Our classroom libraries should be filled with a wide variety of types of books to ensure that all of our readers have access to something they will enjoy. This might include chapter books, picture books, graphic novels, coffee table books, anthologies, how-to books, cookbooks, magazines – literally everything goes. Reading is reading and if a student is motivated to read something, we dare not shatter that happiness and motivation by limiting their actions. Let them read what they want because their love of reading is far more important than the type or level of book in which they are reading.
Reason #5 for Killing the Love of Reading – Not Book Matching
This one is one I see happening most often. Teachers rely on students to pick the best books for them. Teachers are very hands-off in the book matching process. This is absolutely problematic. Book matching is our job. We cannot rely on and be 100% confident that every student is happy with the book they have chosen. So what is book matching? This is the process in which teachers help students find the best books for them. Teachers take into consideration the student’s interests, genre, past book likes, etc. They physically look through books with the student and talk about them. We make recommendations. Above all, we don’t let the student settle for a book.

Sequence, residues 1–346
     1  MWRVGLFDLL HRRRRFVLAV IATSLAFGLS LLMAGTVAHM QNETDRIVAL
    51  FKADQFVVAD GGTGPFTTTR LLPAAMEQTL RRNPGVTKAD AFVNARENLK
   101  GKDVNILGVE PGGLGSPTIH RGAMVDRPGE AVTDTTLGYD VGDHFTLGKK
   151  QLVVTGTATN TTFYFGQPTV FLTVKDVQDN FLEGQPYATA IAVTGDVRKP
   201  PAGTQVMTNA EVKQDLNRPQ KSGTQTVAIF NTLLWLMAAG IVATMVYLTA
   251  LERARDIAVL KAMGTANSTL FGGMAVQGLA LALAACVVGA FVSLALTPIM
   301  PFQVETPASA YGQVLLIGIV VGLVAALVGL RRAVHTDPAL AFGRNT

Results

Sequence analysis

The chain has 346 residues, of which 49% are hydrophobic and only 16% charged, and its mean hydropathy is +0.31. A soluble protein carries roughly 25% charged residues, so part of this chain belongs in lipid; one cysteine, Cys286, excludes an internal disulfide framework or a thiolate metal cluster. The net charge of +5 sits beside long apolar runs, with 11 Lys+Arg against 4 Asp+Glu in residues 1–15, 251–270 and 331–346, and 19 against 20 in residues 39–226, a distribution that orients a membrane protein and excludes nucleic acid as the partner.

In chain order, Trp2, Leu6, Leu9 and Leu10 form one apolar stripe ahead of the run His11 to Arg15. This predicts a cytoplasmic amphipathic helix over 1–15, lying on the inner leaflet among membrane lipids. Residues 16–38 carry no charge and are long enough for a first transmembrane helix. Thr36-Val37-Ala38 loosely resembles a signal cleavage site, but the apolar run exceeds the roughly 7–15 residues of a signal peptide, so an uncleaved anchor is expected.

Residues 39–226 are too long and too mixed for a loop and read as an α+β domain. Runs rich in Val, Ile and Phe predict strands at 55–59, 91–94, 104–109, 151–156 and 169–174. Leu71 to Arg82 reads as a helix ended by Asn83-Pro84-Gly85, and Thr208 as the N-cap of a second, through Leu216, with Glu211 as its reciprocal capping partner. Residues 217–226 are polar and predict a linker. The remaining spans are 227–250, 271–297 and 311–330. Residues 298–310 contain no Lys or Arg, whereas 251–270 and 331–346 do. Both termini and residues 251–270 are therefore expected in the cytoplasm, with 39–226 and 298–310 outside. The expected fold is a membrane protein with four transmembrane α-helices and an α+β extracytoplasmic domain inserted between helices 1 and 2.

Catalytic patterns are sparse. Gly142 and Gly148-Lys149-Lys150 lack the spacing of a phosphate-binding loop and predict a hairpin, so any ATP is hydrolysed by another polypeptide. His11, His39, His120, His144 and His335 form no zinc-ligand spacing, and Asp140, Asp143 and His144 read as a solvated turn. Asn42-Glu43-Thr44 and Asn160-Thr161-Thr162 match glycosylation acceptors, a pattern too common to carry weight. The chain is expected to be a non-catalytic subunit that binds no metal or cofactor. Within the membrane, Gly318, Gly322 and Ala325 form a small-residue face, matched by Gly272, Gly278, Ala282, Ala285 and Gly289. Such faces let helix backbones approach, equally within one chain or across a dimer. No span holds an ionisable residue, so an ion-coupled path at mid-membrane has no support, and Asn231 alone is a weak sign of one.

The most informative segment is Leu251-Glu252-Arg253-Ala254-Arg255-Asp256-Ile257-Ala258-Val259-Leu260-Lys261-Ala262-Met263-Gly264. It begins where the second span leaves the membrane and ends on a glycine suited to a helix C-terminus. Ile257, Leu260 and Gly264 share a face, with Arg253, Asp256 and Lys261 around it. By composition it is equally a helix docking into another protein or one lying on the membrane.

When students match their own books and teachers are hands-off, this is when students start falling out of love with reading. They are picking books that they don’t love. And when they do this over and over again, they learn that reading isn’t enjoyable. Do you have to do this with every student and every book? No! But for our reluctant readers – yes, until you find that spark. This is especially important at the beginning of the year when we’re getting to know all of our readers, too. Being more hands-on with book matching can completely change the trajectory of a reader. It only takes ONE book for a student to fall in love with reading. We should be doing everything we can to help them find that one book!
So what do you think? Did you find something that you or your school might be doing that’s killing the love of reading? How can we fix it? Make sure to save this post for later by pinning the image below!